Practitioners end up at risk in drug testing because they lack knowledge of the policies that payors put out on medical necessity. They also can get into a lot of trouble if they don’t understand the mechanics of the clinical laboratory regarding presumptive testing and definitive testing. It’s important that the provider do due diligence before they get into any laboratory arrangement, whether it’s their own laboratory or with an independent laboratory. That’s where a lot of the cases have happened. In the last year there have been several lawsuits, criminal cases and fraud investigations, and most of it relates to lack of knowledge of medical necessity and lack of proper documentation.
There are ways to document medical necessity. The most important step that a provider can take is to understand what the state licensing board wants them to do regarding drug testing and then compare that with a carrier’s medical policy on drug testing. They can then create their own template so that they can document what’s required of them on both sides – the licensing board and the payor, and tell them why this testing is being done for this patient and most importantly, how the test results are going to be used, and what we are doing for the patient as a result of the test.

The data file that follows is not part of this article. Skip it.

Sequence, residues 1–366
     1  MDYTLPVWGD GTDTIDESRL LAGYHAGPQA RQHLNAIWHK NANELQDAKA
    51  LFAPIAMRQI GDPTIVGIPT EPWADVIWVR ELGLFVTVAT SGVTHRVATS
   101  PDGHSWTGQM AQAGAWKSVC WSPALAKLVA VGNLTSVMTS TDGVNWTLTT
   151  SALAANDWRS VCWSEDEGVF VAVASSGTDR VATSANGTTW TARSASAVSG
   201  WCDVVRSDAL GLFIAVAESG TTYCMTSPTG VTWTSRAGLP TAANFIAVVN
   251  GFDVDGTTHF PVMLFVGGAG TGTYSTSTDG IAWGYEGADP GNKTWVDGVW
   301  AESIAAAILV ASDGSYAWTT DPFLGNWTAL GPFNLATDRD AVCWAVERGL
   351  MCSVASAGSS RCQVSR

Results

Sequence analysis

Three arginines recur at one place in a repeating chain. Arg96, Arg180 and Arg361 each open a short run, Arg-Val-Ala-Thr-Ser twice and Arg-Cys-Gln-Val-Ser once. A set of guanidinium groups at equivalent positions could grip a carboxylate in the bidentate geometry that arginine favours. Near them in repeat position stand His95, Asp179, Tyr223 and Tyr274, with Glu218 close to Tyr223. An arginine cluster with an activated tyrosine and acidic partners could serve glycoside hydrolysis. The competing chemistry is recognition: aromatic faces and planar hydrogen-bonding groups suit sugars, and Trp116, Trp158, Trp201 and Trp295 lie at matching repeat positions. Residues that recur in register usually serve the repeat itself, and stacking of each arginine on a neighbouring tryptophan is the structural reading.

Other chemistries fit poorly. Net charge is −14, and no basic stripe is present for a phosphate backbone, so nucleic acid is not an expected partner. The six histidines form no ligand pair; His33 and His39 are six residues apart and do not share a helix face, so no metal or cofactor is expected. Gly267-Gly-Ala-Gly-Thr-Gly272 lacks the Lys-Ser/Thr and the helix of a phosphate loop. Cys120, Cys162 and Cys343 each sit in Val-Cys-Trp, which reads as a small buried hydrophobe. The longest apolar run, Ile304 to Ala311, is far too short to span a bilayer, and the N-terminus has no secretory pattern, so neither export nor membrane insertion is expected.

Primary care needs to understand that there are requirements for drug testing and that the frequency is not tied to their subjective perspective of whether the patient is at risk or not. It’s the fact that the patient is using an opioid; and that if they’re using the opioid chronically, that drug testing should be part of their risk management protocol. Practitioners should endeavor to look at their licensing board materials and medical policies to understand when they should order these tests and what should be documented.